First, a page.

What Is Medicare Part D?
Medicare Part D—also known as the Medicare prescription drug benefit—is an optional federal government program designed to help Medicare beneficiaries cover the cost of self-administered prescription drugs. While Medicare Part D was created as part of the Medicare Modernization Act of 2003, it did not officially go into effect until January 1, 2006. Prior to 2006, many Medicare beneficiaries struggled to cover the high cost of retail prescription drugs that their Original Medicare plans didn’t cover. Although Medicare Part D was established by the federal government, unlike Original Medicare (Parts A and B) which is publicly administered, Medicare Part D is provided exclusively by private companies.
What Does Medicare Part D Cover?
Medicare Part D covers the cost of self-administered prescription drugs. While drugs that are administered by a medical professional during an operation or hospital stay are typically covered by Original Medicare, medications for which patients receive prescriptions, get filled at a pharmacy, and administer themselves are usually covered by Medicare Part D. However, Medicare Part D only covers drugs that are deemed “medically necessary” which means that not all drugs are covered. Some examples of common prescription drugs that are not covered by Medicare Part D include medications used for cosmetic purposes, weight loss or weight gain, erectile dysfunction, fertility, or any drug that has not been approved by the Food and Drug Administration (FDA). In order to receive Medicare Part D, a beneficiary must already be enrolled in Medicare Part A and/or Part B.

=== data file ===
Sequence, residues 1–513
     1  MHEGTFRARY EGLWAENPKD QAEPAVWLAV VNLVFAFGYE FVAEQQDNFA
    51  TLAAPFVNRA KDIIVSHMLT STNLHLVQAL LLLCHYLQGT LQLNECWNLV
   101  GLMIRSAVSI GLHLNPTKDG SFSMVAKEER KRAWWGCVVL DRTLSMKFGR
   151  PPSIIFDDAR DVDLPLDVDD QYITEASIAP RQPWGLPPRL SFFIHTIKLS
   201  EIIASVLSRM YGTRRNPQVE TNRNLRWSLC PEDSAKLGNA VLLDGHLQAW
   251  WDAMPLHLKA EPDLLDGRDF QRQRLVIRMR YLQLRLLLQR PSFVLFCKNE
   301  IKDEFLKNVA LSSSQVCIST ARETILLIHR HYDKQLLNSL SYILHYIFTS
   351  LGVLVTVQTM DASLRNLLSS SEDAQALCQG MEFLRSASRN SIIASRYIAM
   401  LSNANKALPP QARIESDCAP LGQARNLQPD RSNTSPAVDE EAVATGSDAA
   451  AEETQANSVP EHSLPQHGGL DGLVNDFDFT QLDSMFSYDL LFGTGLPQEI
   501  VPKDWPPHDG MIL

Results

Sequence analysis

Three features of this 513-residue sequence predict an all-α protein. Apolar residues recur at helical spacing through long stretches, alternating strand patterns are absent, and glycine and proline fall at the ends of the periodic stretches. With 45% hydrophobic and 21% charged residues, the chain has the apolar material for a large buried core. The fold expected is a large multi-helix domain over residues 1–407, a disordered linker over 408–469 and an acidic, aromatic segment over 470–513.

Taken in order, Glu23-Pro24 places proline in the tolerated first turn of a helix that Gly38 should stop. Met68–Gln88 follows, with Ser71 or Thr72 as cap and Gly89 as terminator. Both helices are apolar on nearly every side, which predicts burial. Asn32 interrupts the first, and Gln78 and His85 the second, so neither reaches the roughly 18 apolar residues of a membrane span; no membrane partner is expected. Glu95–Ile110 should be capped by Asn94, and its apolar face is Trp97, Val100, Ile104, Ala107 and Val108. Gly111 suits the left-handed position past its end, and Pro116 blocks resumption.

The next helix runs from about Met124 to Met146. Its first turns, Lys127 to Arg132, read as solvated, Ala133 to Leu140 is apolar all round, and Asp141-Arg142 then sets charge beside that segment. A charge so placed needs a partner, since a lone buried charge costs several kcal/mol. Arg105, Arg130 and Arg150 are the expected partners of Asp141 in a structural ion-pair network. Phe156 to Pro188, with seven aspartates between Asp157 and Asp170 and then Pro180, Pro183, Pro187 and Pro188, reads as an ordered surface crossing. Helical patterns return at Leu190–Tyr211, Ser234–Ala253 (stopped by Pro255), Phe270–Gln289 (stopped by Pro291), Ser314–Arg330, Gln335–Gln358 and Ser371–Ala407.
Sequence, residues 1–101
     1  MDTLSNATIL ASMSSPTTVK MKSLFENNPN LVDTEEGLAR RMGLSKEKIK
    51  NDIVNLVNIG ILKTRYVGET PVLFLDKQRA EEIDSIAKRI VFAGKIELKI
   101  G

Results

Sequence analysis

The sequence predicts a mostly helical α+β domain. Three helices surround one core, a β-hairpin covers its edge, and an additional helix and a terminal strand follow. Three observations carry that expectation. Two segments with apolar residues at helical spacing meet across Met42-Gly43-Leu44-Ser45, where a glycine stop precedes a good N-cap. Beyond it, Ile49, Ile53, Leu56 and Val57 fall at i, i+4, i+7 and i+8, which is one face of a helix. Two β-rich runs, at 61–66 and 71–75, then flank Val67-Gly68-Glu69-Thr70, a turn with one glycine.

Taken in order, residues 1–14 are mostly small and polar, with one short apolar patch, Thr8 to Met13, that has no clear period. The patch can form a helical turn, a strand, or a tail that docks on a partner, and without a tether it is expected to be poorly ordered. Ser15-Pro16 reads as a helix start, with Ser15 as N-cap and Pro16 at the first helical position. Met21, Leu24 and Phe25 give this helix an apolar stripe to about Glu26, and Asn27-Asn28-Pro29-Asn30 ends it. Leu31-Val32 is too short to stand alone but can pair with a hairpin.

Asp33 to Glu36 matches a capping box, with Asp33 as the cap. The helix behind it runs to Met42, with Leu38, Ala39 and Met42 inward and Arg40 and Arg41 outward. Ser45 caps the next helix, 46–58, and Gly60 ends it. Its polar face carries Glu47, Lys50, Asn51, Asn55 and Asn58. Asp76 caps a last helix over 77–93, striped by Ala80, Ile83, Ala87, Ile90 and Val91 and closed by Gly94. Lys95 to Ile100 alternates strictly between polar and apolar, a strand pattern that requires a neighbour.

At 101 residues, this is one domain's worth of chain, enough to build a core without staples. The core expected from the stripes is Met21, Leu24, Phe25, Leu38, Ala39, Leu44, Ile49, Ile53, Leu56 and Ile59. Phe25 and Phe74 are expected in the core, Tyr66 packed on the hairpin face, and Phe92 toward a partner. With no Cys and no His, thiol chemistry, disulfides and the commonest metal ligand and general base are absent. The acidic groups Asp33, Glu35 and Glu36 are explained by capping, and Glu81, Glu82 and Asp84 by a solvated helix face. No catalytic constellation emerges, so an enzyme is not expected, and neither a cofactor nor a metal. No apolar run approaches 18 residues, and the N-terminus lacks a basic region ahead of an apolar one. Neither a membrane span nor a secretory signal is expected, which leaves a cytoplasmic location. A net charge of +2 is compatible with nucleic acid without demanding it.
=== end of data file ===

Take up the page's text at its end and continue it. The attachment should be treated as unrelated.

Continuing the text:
Get Started Today
To learn more about how Medicare Part D can help your clients cover the cost of prescription drugs, enroll in our Medicare Products training course. Or, to begin contracting with MCC Brokerage, contact us today.